Skills and Simulation Labs

In addition to online coursework, the ABSN track at CTX includes hands-on skills and simulation labs. These labs are held in our facilities in Dallas and Austin, Texas, which mimic real clinical environments. All labs take place under the watchful eye of our faculty.

Both skills and simulation labs allow students the opportunity to apply the nursing concepts they’ve learned in a supportive environment while building the confidence necessary for clinical rotations.

Clinical Rotations

ABSN@CTX partners with healthcare facilities within the greater Austin and Dallas areas to provide clinical placements in which students work with registered nurses and nursing faculty to provide hands-on patient care under supervision.

Clinical experiences provide students with exposure many specialties, such as:

  • Adult Health
  • Newborn and NICU
  • Pediatrics
  • Intensive Care
  • Global/Community Health
Step into the shoes of an RN - hospital hallway

Learn more about why clinical placements are important for your nursing education.

5. Pass the NCLEX and Get Licensed

Thankfully, in an accelerated BSN program like the ABSN track at CTX, your nursing school curriculum is short-lived, finishing in 16 months. Once you get through your studies and have that diploma in hand, your next priority is passing the National Council Licensure Examination (NCLEX-RN) so you can receive your nursing license and begin your nursing career.

The NCLEX is a challenging exam that takes significant preparation. That’s because the questions are written for you to choose the best answer, even when there may be multiple correct answers. CTX students begin incorporating NCLEX studying into their routine during their first semester of nursing school. Then after graduation, they are prepared to spend one to two months studying full-time before taking the NCLEX.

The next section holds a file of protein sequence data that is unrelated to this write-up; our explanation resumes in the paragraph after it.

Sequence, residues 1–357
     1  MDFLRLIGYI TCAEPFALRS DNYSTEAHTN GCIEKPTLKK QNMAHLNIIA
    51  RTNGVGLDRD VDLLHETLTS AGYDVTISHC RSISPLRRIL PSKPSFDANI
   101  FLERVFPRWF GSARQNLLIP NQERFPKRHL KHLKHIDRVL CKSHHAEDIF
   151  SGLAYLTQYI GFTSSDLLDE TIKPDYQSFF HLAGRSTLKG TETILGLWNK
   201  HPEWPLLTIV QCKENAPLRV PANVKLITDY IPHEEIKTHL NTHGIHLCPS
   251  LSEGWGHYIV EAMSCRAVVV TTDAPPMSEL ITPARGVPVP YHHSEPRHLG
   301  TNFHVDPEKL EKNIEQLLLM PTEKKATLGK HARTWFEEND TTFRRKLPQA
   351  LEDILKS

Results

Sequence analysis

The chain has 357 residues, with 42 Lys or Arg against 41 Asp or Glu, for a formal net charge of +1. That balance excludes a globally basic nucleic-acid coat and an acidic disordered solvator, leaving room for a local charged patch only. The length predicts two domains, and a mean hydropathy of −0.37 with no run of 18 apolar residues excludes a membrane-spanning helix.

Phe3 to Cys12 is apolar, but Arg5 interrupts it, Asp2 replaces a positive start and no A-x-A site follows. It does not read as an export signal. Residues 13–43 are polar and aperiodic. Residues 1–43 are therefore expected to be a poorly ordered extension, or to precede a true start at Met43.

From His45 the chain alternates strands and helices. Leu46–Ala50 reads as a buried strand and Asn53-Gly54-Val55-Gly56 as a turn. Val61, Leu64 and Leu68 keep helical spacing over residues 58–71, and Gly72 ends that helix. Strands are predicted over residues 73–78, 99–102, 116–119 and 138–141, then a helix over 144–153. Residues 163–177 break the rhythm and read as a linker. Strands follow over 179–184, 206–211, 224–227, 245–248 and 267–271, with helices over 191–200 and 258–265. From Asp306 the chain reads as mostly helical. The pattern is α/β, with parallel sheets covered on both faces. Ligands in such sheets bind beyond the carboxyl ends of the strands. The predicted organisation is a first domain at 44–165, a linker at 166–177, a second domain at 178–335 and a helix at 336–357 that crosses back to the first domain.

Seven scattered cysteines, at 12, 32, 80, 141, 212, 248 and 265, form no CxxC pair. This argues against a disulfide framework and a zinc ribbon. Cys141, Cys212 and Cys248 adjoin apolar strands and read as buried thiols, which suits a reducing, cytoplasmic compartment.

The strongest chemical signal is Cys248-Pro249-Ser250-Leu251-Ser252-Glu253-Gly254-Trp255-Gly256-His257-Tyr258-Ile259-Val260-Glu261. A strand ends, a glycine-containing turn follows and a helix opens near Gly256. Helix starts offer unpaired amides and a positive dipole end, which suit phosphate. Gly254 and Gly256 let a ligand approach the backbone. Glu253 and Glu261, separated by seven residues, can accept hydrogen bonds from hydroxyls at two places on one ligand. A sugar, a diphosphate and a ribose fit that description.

ctx nursing student helping a patient

Once you pass the NCLEX, you’ll be eligible to receive the nursing license from the state where you’re planning to work. With your license in hand, you’ve got everything you need to start working as a nurse.

6. Start Your Career

Once you have a BSN, you’ve passed the NCLEX, and you have your registered nursing license, you’re ready to begin your career. You’ll be eligible for a position in a hospital, clinic, or community nursing role.

As you complete your nursing clinicals, think about which specialties stand out to you. Where do you feel the most at home? Which patients do you connect with the most? This will help you determine where you want to specialize as a nurse, and then you can seek positions in the areas that interest you.

Nurse with stethoscope in NICU

What specialties are available as a nurse? Check out 21 nursing specialties in demand.

7. Progress Your Career

Maybe your end goal is to work as a bedside nurse, but you may want to advance your career further. If so, your BSN puts you in the prime position to do that. You have endless options for ways you can grow throughout your career, clinically and otherwise.

For example, you can enter a management role, such as a nurse manager or healthcare administrator. You could pursue advanced certifications in a competitive nursing specialty. You can even pursue an advanced degree and become a nurse practitioner, nurse anesthetist, nurse midwife, or nurse educator. Your first nursing job is the door to a fruitful nursing career with endless opportunity.

Become a nurse practitioner. Opportunity awaits. - CTX nurse in lab coat

Interested in becoming a nurse practitioner? Learn the steps to get you there.

Learn More About ABSN@CTX Today

You should now have a sense of the process of becoming a nurse with a non-nursing bachelor’s degree or prior college experience. Concordia University Texas is here to help you achieve your nursing goals. If you have at least 60 non-nursing college credits or a non-nursing bachelor’s degree, you may be eligible for the Accelerated BSN track at CTX.

CTX ABSN student in purple scrubs

If you’re ready to take the next step toward your future in nursing, contact us today by filling out our online form. Our admissions counselors are happy to help you get started!